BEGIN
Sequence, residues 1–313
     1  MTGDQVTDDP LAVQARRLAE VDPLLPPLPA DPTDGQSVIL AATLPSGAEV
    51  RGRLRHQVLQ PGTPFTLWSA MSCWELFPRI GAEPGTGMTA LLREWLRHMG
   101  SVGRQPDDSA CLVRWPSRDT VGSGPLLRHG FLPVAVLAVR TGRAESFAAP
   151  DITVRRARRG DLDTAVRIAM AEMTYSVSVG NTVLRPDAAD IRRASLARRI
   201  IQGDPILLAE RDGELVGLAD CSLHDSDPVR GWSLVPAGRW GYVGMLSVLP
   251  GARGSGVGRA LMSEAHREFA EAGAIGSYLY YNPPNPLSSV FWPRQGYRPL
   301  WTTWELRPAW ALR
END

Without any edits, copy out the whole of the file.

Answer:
Sequence, residues 1–313
     1  MTGDQVTDDP LAVQARRLAE VDPLLPPLPA DPTDGQSVIL AATLPSGAEV
    51  RGRLRHQVLQ PGTPFTLWSA MSCWELFPRI GAEPGTGMTA LLREWLRHMG
   101  SVGRQPDDSA CLVRWPSRDT VGSGPLLRHG FLPVAVLAVR TGRAESFAAP
   151  DITVRRARRG DLDTAVRIAM AEMTYSVSVG NTVLRPDAAD IRRASLARRI
   201  IQGDPILLAE RDGELVGLAD CSLHDSDPVR GWSLVPAGRW GYVGMLSVLP
   251  GARGSGVGRA LMSEAHREFA EAGAIGSYLY YNPPNPLSSV FWPRQGYRPL
   301  WTTWELRPAW ALR